When remote learning first began in March 2020, Doeppner recorded his lectures without an audience so that his students could watch asynchronously. “I hated that. It was really terrible delivering a lecture just to your screen,” he said. He began to hold synchronous lectures over Zoom last fall, which he said was more “comfortable,” but far from ideal.

“I like to see people in class and better gauge how they’re reacting. … On Zoom, I will see maybe four people in a class of 300 or so … and it’s always the same four people — I don’t really get to see what the rest of the class looks like unless they come to my office hours.” 

Echoing a similar sentiment, Logan mentioned that he disliked not being able to actually see his students. 

Logan said that he misses the brief one-on-one conversations that he was previously able to have with students right after classes. He also found that students were less likely to visit him during office hours. Logan pointed out that, because students are only seeing each other on Zoom, they do not have the opportunity to get to know each other outside of class.

“That's a serious problem because I believe that a great deal of what happens in a university setting is that people meet and spend time talking to other people that they never would have known,” he said. 

Despite planning to teach online in the fall, Flynn said that she will teach her spring semester class, BIOL 0040: “Nutrition for Fitness and Physical Activity,” in person, since it is more discussion-based. Flynn was teaching this course when University instruction first transitioned online in spring 2020, and she immediately noticed a difference in student participation.

“I had thought that the class was very interactive in person, but on Zoom, I found myself needing to coax people to contribute to the discussion,” she wrote to The Herald. She added that because it is so hard to interpret body language on Zoom, students could not freely “jump in” to conversations like they would be able to in person.

Logan expressed a different perspective on holding classroom discussions on Zoom. According to him, virtual classrooms have made it easier for him to gauge his students’ reactions. “I see everybody's face right there in front of you … I don't turn around and face the blackboard,” he said. As a result, he “has a better feel for what’s going on in the class.” Because his class also involves a student presentation component, being on Zoom has been easier on students who may be more shy doing class presentations in person.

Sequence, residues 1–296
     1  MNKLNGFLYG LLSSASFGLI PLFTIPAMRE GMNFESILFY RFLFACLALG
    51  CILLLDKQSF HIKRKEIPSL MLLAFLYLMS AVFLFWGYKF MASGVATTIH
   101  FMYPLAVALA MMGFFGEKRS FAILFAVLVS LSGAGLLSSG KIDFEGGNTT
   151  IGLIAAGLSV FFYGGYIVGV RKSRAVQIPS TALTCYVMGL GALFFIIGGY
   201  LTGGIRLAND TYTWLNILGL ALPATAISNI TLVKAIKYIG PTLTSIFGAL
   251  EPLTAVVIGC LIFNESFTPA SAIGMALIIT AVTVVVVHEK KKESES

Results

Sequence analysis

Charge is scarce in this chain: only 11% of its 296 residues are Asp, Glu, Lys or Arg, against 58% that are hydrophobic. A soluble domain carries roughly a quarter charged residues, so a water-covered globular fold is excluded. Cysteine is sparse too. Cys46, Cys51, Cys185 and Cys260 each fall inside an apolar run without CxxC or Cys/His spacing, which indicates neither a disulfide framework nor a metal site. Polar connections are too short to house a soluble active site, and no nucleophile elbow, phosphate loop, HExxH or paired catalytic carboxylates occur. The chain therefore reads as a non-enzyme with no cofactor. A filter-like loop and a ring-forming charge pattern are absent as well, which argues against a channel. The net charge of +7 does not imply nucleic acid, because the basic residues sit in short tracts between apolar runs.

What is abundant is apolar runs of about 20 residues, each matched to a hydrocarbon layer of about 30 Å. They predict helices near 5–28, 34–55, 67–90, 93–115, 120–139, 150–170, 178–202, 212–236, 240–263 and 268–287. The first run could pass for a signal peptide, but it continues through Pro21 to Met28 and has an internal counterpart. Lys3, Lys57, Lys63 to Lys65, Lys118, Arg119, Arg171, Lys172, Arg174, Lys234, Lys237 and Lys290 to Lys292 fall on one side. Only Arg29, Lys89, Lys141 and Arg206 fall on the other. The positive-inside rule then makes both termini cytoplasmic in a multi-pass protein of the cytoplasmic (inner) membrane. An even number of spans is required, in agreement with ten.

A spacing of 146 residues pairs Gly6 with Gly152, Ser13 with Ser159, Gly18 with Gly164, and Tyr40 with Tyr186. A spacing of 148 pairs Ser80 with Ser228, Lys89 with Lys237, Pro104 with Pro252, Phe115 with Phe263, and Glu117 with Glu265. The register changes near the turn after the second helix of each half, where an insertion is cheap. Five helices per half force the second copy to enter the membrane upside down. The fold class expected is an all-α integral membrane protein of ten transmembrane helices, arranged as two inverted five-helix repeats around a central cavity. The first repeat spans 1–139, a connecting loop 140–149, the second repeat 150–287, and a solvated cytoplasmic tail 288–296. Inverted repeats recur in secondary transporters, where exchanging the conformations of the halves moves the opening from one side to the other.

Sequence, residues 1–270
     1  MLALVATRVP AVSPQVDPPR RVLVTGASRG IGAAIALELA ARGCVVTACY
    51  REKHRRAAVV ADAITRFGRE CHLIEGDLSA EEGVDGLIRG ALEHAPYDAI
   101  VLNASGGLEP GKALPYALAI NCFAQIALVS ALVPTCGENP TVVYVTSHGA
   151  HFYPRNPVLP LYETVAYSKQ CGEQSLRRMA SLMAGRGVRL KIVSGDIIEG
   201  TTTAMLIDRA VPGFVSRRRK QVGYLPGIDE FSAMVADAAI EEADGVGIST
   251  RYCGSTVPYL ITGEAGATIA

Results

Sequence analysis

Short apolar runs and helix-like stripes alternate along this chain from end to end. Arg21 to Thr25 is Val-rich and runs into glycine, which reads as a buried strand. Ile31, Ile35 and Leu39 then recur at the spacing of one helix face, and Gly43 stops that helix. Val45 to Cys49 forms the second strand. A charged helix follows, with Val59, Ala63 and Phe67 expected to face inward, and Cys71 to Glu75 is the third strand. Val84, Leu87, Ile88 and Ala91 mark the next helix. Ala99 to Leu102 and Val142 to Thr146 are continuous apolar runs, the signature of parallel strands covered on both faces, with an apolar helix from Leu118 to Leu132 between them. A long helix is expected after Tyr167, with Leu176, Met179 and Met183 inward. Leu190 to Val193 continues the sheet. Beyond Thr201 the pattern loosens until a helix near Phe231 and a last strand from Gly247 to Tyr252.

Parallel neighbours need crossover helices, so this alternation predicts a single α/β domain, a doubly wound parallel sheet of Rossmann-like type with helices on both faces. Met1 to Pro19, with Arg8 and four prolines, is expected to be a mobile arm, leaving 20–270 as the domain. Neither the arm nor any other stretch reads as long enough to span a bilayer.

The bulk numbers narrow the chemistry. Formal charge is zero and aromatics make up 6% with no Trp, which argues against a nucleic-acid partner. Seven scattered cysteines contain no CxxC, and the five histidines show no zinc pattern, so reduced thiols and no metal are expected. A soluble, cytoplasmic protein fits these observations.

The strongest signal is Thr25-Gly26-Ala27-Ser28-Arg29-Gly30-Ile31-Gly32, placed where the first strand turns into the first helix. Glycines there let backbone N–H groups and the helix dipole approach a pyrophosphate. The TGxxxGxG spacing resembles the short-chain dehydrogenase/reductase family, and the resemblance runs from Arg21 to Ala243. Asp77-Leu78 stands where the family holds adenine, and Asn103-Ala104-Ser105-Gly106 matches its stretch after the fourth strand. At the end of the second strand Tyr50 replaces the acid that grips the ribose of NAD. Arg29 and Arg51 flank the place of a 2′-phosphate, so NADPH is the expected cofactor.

Still, the professors recognized the importance of remote learning and teaching.

Flynn, who was originally not very confident in teaching online, realized the “distinct advantages” to remote learning, especially for large classes. “A month into (the class), from the quizzes … I suddenly realized that they really seemed to be getting it.” In a normal semester, there would always be students who “obviously haven’t studied,” but during a remote semester, Flynn noticed that students were performing much better.

“I was getting really interesting ‘thought questions’ by email,” said Flynn. Students “were taking the material, and they were applying it, and I don't expect that in the basic class.” 

Similarly, Logan expressed that, after having taught in person for decades, he was convinced that in-person was the best method of teaching. But over the course of the pandemic, he began to realize the strengths of remote learning. “I’ve been very satisfied with teaching on Zoom,” he said. “I hesitate to say that it's better for the kind of course that I teach, but I think maybe it is.”